Now let me tell you briefly about the status of the ATTENTION trial, which is the other Phase III trial, which is part of the non-small cell Phase III for tivantinib. The ATTENTION trial was conducted -- was an Asian-only trial conducted in South Korea, Japan and Taiwan by our partner, Kyowa Hakko Kirin. The -- here as well, round about 1 month ago, the trial was subject to a suspension of recruitment, which was temporary and then become permanent. And that suspension was driven by the observation of an imbalance in the toxicity of interstitial lung disease that disfavored the treatment arm. A few patients had to be unblinded at the time to observe this imbalance.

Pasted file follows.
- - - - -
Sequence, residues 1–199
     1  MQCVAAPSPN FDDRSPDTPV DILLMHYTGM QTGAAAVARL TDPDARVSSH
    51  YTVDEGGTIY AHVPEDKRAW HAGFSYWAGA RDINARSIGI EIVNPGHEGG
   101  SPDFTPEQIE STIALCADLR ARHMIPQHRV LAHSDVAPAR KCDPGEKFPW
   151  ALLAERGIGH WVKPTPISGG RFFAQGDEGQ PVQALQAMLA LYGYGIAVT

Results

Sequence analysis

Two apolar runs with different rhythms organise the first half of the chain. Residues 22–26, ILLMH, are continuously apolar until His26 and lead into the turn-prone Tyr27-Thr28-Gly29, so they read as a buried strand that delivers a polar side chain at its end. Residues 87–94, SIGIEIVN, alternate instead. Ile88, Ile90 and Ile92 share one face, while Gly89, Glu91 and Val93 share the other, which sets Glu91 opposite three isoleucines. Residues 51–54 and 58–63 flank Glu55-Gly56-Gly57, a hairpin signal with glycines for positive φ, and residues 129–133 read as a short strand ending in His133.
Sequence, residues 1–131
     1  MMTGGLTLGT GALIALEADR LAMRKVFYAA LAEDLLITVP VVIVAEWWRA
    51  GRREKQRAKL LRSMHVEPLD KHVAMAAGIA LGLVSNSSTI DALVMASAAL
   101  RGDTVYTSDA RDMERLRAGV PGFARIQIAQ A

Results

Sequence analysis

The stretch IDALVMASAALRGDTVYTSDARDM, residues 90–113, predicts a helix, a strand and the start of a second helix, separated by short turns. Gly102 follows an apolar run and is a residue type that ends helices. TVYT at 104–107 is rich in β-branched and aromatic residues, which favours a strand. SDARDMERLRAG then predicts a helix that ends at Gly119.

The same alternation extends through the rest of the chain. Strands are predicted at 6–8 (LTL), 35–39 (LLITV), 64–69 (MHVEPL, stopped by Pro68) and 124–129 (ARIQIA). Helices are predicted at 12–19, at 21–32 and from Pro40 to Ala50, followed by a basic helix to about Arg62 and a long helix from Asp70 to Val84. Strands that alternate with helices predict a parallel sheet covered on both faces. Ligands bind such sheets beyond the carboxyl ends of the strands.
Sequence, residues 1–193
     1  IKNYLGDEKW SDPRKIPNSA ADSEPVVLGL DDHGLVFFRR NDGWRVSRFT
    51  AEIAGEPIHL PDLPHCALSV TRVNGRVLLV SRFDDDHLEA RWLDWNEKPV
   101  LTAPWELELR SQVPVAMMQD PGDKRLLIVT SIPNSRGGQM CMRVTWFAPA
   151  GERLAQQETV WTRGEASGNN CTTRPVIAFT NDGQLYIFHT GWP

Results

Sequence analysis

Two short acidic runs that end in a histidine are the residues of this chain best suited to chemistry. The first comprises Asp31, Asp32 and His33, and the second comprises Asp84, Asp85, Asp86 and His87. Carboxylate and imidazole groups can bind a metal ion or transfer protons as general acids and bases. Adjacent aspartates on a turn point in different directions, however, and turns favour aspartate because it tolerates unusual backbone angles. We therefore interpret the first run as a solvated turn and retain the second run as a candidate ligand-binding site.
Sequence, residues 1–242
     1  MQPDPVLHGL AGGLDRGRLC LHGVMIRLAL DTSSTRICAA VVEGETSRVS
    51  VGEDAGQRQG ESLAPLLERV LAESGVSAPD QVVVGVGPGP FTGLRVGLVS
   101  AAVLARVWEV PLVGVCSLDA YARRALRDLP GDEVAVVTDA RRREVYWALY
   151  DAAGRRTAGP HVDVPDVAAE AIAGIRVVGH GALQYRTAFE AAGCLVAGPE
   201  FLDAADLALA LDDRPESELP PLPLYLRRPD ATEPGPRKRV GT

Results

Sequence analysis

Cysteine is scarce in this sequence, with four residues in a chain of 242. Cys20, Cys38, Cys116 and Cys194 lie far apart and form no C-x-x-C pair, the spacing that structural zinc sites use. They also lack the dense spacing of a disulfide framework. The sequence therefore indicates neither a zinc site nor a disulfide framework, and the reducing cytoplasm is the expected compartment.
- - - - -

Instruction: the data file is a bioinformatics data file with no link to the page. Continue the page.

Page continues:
I also remind you that we did not observe significant incidents of interstitial lung disease once we analyzed the 1,000 patients that are included in the MARQUEE trial.

So it appears now that the MARQUEE trial has been analyzed, that interstitial lung disease in this indication appear to be confined to Asia that current knowledge of epidemiology would have lead us -- led us to conclude. So that confirms the common knowledge.

Now the ATTENTION trial, I have -- will reiterate because some people still think was concluded, has not concluded. This trial continues on but with a reduced number of patients. Originally, it was expected to recruit 450 patients, and it's continuing with approximately 300 patients. But that statistical plan remains unchanged, and, therefore, the statistical hurdle to achieve overall survival separation from the control arm is much higher. And we are expecting, based on the information provided by Kyowa Hakko Kirin, that data will be available late in 2013 or early in 2014.